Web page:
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The Malecón (officially Avenida de Maceo) is a broad esplanade, roadway and seawall which stretches for 8 km (5 miles) along the coast in Havana, Cuba,[1] from the mouth of Havana Harbor in Old Havana, along the north side of the Centro Habana neighborhood and the Vedado neighborhood, ending at the mouth of the Almendares River. New businesses are appearing on the esplanade due to economic reforms in Cuba that now allow Cubans to own private businesses.[2]

Contents

HistoryEdit

 
Malecón
 
Malecón at twilight

Construction of the Malecón began in 1901, during temporary U.S. military rule.[3] The main purpose of building the Malecón was to protect Havana from the sea and the so-called American Nortes.[3]

To celebrate the construction of the first 500m section of the Malecón, the American government built a roundabout at the intersection of Paseo del Prado, which, according to architects of the period, was the first one built in Cuba with steel-reinforced concrete. In front of the roundabout, where every Sunday bands played Cuban melodies, the Miramar Hotel was built, which was very much in fashion for the first 15 years of independence and which was the first one where the waiters wore tuxedos (dinner jackets) and vests (waistcoats) with gold buttons.[3]

Subsequent Cuban governments continued the extension of the first section of the Malecón. In 1923 it reached the mouth of the Almendares River between K and L streets in Vedado, where the United States Embassy was built, the José Martí Sports Park and further out, the Hotel Rosita de Hornedo, today, the Sierra Maestra.[3]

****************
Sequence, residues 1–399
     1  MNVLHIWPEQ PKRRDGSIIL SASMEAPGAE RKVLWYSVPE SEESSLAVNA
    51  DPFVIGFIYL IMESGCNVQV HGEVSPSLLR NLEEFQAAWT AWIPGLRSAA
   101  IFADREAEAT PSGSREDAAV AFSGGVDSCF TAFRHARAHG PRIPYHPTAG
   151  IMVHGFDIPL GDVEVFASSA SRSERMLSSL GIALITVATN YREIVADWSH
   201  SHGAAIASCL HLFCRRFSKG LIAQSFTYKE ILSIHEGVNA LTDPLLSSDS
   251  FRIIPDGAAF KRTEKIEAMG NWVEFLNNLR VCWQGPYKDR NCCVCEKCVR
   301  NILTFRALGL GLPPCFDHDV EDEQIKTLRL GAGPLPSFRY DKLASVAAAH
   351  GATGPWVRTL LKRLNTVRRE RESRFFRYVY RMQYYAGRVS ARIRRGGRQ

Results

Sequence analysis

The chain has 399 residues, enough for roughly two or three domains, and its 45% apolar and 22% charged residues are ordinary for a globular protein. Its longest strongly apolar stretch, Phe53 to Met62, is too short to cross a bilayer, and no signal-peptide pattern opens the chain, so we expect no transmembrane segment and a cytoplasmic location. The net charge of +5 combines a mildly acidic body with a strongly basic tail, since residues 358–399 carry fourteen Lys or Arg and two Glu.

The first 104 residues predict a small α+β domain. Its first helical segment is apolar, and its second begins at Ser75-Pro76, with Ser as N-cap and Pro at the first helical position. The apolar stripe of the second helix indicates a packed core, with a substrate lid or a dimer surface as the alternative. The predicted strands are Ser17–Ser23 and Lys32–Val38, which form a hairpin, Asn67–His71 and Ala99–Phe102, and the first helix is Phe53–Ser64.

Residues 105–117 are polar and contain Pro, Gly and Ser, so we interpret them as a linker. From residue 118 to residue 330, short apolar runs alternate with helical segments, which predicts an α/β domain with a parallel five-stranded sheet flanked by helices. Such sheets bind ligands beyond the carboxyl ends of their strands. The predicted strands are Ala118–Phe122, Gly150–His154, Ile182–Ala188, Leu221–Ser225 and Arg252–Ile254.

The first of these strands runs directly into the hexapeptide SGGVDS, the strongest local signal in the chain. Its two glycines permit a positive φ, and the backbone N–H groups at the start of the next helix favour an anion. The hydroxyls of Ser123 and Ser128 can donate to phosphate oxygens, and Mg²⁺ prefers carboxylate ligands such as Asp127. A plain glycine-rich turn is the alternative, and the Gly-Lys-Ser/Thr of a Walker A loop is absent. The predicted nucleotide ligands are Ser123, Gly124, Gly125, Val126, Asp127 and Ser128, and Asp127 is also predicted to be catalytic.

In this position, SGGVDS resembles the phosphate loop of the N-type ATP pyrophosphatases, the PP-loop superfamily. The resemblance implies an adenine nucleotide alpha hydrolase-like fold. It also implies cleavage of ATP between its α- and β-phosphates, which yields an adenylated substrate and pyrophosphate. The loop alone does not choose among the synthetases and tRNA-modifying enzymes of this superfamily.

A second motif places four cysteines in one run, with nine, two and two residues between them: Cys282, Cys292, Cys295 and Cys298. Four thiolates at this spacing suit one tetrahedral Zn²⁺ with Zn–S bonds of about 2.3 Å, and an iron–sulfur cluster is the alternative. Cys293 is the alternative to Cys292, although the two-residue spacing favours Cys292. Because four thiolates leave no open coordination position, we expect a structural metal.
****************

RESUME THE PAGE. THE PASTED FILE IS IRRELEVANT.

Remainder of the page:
In 1957 and 1958, the roadway served as the venue of the Cuban Grand Prix.


TodayEdit

The Malecón continues to be popular among Cubans, especially among those of lesser means whose other means of entertainment are limited.[3]

It is also a means of income for poorer families, as individual fishermen cast their lures there. In addition, it is a hotspot for prostitution in Cuba by men and women.[3]

Although the houses lining the Malecón are mostly in ruins, the Malecón remains one of the most spectacular and popular destinations in Havana.[3]

Stages of completionEdit

Points of interestEdit

There are a number of important monuments along the Malecón, including those to General Máximo Gomez, Antonio Maceo, General Calixto García, and the Monument to the Victims of the USS Maine.

At the intersection of 23rd Street, the Malecón marks the northeast end of the "La Rampa" section of 23rd Street, Vedado, and is very active at night.

In the Plaza de la Dignidad is a statue of José Martí and in front of the Embassy of the United States, the José Martí Anti-Imperialist Platform.

Significant buildings include the Castillo de la Real Fuerza, the Castillo de San Salvador de la Punta, the Torreón de San Lázaro, and the Hotel Nacional.

In popular cultureEdit

The Malecón has served as an inspiration for several cocktail names, including the "Malecón cocktail" by John Escalante that can be traced back to his 1915 Cuban cocktail guide, Manual Del Cantinero.


GalleryEdit

Malecón

See alsoEdit

ReferencesEdit

  1. ^ Ordonez, Franco (April 19, 2012). "For an American, Havana is filled with contradictions". The Kansas City Star. Retrieved May 1, 2012.
  2. ^ Sanchez, Cecilia (April 21, 2012). "A generational divide widens in Cuba". The Seattle Times. Retrieved May 1, 2012.
  3. ^ a b c d e f g "HISTORIA DEL MALECON HABANERO", Tania Díaz Castro, 26 March 2010, Primavera Digital Archived 13 July 2010 at the Wayback Machine

External linksEdit